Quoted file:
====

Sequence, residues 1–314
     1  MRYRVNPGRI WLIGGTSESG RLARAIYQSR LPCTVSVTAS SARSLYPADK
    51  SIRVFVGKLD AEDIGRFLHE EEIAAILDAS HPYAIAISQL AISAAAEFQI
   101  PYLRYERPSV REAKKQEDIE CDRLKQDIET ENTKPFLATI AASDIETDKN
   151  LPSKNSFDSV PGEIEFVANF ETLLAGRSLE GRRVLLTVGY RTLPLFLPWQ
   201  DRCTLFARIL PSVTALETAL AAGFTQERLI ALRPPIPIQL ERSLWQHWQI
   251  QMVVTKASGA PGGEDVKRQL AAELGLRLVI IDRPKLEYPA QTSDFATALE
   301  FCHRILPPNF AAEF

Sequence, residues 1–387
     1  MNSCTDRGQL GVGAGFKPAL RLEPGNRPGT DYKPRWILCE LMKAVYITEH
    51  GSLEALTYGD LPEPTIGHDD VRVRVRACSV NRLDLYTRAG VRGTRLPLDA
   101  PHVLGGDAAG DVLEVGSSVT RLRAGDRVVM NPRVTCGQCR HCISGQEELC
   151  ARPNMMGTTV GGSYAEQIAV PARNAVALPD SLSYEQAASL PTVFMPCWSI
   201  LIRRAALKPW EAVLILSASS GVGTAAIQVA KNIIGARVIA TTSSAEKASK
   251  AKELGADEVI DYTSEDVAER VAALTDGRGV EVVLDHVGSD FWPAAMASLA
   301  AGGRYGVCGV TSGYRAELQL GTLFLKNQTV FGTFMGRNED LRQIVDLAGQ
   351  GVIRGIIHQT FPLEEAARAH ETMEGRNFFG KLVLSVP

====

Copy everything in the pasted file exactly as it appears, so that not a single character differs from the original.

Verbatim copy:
Sequence, residues 1–314
     1  MRYRVNPGRI WLIGGTSESG RLARAIYQSR LPCTVSVTAS SARSLYPADK
    51  SIRVFVGKLD AEDIGRFLHE EEIAAILDAS HPYAIAISQL AISAAAEFQI
   101  PYLRYERPSV REAKKQEDIE CDRLKQDIET ENTKPFLATI AASDIETDKN
   151  LPSKNSFDSV PGEIEFVANF ETLLAGRSLE GRRVLLTVGY RTLPLFLPWQ
   201  DRCTLFARIL PSVTALETAL AAGFTQERLI ALRPPIPIQL ERSLWQHWQI
   251  QMVVTKASGA PGGEDVKRQL AAELGLRLVI IDRPKLEYPA QTSDFATALE
   301  FCHRILPPNF AAEF

Sequence, residues 1–387
     1  MNSCTDRGQL GVGAGFKPAL RLEPGNRPGT DYKPRWILCE LMKAVYITEH
    51  GSLEALTYGD LPEPTIGHDD VRVRVRACSV NRLDLYTRAG VRGTRLPLDA
   101  PHVLGGDAAG DVLEVGSSVT RLRAGDRVVM NPRVTCGQCR HCISGQEELC
   151  ARPNMMGTTV GGSYAEQIAV PARNAVALPD SLSYEQAASL PTVFMPCWSI
   201  LIRRAALKPW EAVLILSASS GVGTAAIQVA KNIIGARVIA TTSSAEKASK
   251  AKELGADEVI DYTSEDVAER VAALTDGRGV EVVLDHVGSD FWPAAMASLA
   301  AGGRYGVCGV TSGYRAELQL GTLFLKNQTV FGTFMGRNED LRQIVDLAGQ
   351  GVIRGIIHQT FPLEEAARAH ETMEGRNFFG KLVLSVP